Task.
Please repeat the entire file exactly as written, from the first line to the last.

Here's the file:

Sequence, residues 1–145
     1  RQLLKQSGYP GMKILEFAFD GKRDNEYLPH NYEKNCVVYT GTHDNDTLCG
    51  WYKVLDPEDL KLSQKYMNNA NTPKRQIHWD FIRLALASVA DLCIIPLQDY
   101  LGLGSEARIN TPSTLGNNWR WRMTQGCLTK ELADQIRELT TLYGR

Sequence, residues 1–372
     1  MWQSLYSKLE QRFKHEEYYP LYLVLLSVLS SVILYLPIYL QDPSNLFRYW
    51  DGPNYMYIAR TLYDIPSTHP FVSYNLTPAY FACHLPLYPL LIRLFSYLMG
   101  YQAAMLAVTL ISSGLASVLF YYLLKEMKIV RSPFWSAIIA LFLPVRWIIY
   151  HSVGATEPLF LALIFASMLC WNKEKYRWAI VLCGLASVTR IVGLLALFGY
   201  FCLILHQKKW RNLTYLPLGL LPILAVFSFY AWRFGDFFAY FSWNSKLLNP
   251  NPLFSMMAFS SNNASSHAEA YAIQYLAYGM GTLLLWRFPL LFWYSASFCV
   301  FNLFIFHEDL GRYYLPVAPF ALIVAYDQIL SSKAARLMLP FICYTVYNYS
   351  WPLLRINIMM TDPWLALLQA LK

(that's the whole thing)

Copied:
Sequence, residues 1–145
     1  RQLLKQSGYP GMKILEFAFD GKRDNEYLPH NYEKNCVVYT GTHDNDTLCG
    51  WYKVLDPEDL KLSQKYMNNA NTPKRQIHWD FIRLALASVA DLCIIPLQDY
   101  LGLGSEARIN TPSTLGNNWR WRMTQGCLTK ELADQIRELT TLYGR

Sequence, residues 1–372
     1  MWQSLYSKLE QRFKHEEYYP LYLVLLSVLS SVILYLPIYL QDPSNLFRYW
    51  DGPNYMYIAR TLYDIPSTHP FVSYNLTPAY FACHLPLYPL LIRLFSYLMG
   101  YQAAMLAVTL ISSGLASVLF YYLLKEMKIV RSPFWSAIIA LFLPVRWIIY
   151  HSVGATEPLF LALIFASMLC WNKEKYRWAI VLCGLASVTR IVGLLALFGY
   201  FCLILHQKKW RNLTYLPLGL LPILAVFSFY AWRFGDFFAY FSWNSKLLNP
   251  NPLFSMMAFS SNNASSHAEA YAIQYLAYGM GTLLLWRFPL LFWYSASFCV
   301  FNLFIFHEDL GRYYLPVAPF ALIVAYDQIL SSKAARLMLP FICYTVYNYS
   351  WPLLRINIMM TDPWLALLQA LK